- Collision of two Royal Australian Navy vessels in 1964 resulted in 82 deaths
- Nine Western Australians lost lives in Australia's worst peacetime military incident
- Two Royal Commissions failed to determine causes of tragedy
Veterans Issues Minister Peter Tinley will lay a wreath in Kings Park on Sunday (February 10) to mark the 55th anniversary of the sinking of the HMAS Voyager on February 10, 1964 - Australia's worst peacetime military disaster.
The sinking of HMAS Voyager following a collision with the aircraft carrier HMAS Melbourne resulted in the loss of 82 hands - all of them crew on HMAS Voyager.
On the evening of the incident, the Australian fleet's flagship, aircraft carrier HMAS Melbourne, was carrying out night exercises for its aircraft, while HMAS Voyager was on plane guard station for the carrier, ready to assist if any aircraft ditched.
About 8.40pm HMAS Melbourne changed course, 'chasing the wind' to enable flight operations and signalled HMAS Voyager to adjust its position relative to the carrier.
For reasons that remain the subject of conjecture, HMAS Voyager's new course saw her turn in front of HMAS Melbourne. At more than six times the displacement of the smaller vessel, HMAS Melbourne sliced HMAS Voyager in two.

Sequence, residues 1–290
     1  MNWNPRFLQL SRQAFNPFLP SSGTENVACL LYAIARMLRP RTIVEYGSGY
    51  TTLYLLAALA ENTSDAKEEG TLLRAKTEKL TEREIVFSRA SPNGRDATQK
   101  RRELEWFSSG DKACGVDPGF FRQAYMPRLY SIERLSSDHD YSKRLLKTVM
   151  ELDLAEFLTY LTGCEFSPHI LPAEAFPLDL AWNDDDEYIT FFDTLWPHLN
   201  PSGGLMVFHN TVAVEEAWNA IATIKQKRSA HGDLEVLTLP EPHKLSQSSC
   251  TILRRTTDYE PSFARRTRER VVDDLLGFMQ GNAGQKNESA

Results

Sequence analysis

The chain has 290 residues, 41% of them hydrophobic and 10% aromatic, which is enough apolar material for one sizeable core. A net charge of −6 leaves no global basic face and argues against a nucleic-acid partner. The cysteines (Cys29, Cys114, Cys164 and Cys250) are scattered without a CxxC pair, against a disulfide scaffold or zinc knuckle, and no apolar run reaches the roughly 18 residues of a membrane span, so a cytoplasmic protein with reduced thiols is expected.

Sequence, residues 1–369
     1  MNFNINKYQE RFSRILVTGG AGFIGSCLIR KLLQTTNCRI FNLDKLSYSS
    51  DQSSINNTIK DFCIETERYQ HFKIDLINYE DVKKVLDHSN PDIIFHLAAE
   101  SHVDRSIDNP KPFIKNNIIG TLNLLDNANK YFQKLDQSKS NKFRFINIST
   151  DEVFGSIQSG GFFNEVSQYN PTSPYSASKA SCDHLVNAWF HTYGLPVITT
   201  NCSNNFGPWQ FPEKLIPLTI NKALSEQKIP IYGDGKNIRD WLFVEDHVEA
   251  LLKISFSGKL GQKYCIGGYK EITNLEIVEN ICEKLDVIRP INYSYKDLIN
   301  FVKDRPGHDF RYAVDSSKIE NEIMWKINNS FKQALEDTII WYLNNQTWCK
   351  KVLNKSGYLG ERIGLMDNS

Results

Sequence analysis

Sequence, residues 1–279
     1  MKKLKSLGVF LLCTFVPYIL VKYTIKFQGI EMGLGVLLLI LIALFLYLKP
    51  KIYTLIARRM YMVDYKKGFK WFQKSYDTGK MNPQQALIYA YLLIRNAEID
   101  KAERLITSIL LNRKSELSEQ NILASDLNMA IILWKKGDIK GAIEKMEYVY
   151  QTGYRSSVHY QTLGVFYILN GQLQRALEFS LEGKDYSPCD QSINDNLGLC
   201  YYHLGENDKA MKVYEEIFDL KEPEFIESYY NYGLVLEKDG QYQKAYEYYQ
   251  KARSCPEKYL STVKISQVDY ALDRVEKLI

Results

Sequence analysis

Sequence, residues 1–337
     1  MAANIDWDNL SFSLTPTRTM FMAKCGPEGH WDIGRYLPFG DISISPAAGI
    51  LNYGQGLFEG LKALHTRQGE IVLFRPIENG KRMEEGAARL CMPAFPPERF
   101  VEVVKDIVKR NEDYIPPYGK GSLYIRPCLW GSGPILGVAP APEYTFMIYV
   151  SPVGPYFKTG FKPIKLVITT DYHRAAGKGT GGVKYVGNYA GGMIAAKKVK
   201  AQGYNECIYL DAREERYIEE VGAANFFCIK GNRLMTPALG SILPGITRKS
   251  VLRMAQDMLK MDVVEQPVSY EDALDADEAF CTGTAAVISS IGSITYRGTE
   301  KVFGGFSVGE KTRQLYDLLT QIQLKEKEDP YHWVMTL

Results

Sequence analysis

HMAS Voyager's bow section turned upside down and sank soon after 8.56pm. At the time of the collision there were about 225 men in the bow section or on the deck.
Most of the crew on the bridge, which was located in the bow section, died including commanding officer Captain Duncan Stevens.
Several bravery honours were awarded afterwards, most notably the George Cross to Chief Petty Officer Jonathon 'Buck' Rogers DSM. Too big for the escape hatch, he organised the escape of those who could fit and maintained calm by leading the remaining crew in a prayer and hymn before the compartment finally flooded.
Two Royal Commissions into the tragedy failed to definitively determine its cause.
Comments attributed to Veterans Issues Minister Peter Tinley:
"The sinking of HMAS Voyager remains the Royal Australian Navy's worst peacetime disaster. It's important to acknowledge the pain, loss, courage and human spirit that marked that night on February 10, 1964.
"The 55th anniversary of this disaster provides an opportunity to reflect on the sacrifice of all who serve in our defence services and the danger they confront to protect our freedoms and way of life - not just in times of war but also during times of peace.
"We should remember those who were lost and the survivors, many of whom still struggle every day with the events of that night. We can only imagine their pain.
"Lest we forget."
Minister's office - 6552 5300